September 3, 2008

Camping with Fruits and Veggies in Tow

Now back home from an extended (and delightful) camping vacation in the great and grand National Parks out west, I'm pleased to note that one can still tank up on those 5+ servings of fruits and vegetables even when food selection is narrowed down to what fits in the cooler and the dry box. As they say, where there's a will, there's a way!

A few discoveries along the trail:

- Fruits that have the staying power to last a few days and not dent, brown or mold are apples, cherries and blueberries (in their container). Plus, they're not a mess to peel or clean up. They're wash and serve. Bananas last a couple of days, but require a bit more care and special handling.

- Dry fruit is a winner! It's portable, compact and has staying power with no cooling space necessary. Dried fruit, from simple raisins to mixed dried fruit combinations can be mixed with nuts for a quick snack along the trail, mixed into yogurt, oatmeal or dry cereal. Yes, also enjoyed just out of the bag.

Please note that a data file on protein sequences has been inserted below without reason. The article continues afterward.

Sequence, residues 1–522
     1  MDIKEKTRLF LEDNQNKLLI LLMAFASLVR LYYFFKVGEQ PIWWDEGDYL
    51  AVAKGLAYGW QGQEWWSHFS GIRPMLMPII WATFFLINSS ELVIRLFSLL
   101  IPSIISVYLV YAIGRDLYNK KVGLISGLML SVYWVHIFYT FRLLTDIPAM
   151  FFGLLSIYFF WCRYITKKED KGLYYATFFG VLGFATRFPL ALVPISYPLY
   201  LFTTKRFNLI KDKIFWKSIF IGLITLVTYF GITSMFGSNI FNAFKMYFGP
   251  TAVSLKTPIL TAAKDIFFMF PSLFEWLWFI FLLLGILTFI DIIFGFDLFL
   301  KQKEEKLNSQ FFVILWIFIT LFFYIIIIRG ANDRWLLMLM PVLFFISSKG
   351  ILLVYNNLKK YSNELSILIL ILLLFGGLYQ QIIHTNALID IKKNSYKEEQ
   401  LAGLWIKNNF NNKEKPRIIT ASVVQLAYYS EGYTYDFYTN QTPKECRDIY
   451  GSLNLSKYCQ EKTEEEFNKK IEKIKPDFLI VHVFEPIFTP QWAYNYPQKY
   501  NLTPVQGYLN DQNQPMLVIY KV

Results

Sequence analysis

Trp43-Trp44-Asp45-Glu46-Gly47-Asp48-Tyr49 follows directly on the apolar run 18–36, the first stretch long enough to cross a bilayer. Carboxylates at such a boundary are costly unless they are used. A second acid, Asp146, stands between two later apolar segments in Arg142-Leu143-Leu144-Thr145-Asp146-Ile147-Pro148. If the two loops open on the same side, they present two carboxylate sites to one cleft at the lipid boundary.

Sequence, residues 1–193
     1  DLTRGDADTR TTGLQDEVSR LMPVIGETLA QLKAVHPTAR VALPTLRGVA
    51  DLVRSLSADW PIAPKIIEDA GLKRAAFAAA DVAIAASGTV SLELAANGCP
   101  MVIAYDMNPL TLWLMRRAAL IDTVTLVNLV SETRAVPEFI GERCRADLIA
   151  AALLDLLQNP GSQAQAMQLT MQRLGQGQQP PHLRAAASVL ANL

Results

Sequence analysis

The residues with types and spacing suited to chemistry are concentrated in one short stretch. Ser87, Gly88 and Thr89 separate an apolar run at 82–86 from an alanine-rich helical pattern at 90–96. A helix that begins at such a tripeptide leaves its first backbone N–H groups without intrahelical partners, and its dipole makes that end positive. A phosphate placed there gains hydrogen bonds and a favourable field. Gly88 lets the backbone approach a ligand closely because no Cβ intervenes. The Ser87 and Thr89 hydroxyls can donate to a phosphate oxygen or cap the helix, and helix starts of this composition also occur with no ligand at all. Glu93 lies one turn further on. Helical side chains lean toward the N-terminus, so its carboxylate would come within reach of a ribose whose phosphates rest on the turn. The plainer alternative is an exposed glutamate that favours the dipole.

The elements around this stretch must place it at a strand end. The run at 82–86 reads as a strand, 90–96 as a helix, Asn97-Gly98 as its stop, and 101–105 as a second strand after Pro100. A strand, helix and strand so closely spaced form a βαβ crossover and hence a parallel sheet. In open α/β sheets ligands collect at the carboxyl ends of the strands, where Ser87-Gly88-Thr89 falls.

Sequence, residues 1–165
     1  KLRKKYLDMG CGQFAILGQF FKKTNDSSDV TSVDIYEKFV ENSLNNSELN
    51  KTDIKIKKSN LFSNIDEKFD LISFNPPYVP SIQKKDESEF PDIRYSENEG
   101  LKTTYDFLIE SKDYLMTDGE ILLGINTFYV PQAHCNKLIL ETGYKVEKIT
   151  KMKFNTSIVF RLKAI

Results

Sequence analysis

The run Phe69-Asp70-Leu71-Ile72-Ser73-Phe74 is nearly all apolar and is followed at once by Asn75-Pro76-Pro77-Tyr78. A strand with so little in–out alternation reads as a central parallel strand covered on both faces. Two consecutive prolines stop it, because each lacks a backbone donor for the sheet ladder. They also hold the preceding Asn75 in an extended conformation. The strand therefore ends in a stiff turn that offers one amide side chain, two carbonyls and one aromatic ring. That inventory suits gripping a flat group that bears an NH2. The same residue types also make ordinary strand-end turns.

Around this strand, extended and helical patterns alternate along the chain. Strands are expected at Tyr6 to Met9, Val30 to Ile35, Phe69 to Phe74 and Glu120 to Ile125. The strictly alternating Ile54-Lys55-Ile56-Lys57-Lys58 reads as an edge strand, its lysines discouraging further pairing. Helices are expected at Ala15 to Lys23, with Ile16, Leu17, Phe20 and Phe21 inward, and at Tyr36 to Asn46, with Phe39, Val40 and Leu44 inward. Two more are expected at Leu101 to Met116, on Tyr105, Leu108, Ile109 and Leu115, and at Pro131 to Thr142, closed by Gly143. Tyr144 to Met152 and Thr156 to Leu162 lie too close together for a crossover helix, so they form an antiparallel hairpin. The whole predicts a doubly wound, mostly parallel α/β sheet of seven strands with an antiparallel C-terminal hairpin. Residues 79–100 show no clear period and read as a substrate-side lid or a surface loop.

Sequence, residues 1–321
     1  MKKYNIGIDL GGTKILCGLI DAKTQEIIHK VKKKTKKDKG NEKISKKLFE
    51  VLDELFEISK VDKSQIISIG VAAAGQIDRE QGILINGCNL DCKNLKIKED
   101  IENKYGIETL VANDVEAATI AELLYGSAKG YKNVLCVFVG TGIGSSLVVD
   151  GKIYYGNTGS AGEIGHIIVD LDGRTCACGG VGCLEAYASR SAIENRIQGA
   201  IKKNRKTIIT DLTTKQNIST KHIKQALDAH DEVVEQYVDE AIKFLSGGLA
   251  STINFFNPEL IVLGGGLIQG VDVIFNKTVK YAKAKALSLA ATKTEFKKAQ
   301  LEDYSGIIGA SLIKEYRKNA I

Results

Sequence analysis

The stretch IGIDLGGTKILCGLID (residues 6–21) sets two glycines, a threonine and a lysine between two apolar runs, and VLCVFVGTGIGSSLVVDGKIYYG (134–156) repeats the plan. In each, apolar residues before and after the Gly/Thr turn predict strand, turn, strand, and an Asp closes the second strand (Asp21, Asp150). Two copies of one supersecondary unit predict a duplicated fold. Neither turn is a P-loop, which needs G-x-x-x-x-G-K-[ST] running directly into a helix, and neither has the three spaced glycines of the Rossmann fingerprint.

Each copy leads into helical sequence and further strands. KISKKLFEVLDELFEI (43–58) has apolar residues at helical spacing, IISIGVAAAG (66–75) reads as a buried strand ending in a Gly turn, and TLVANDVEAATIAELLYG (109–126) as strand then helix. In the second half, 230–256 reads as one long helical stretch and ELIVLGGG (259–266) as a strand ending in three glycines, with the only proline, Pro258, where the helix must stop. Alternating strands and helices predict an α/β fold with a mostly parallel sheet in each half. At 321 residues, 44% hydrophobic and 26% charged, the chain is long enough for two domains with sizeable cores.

- Vegetable victors are the ever-ready baby carrots and cherry tomatoes. These items pack well for lunches. Add in cucumber slices and celery sticks to dip into salad dressing for dinner. Onions travel well to be chopped into one pot or pan dinners. And potatoes hang in there for days to use from breakfast hash browns to the centerpiece of a dinner casserole.

- Vegetables by the can travel well and don't need cooler space. From green beans, corn, peas, black beans and mixed vegetables; our stash of canned vegetables found their way into noodle, pasta and potato centered one pot meals.

But I must admit, I was happy to come home to my store bought box of field greens and ripe red tomatoes, long green cucumbers and basil from our garden. Ah, a few more weeks of growth left on the summer garden.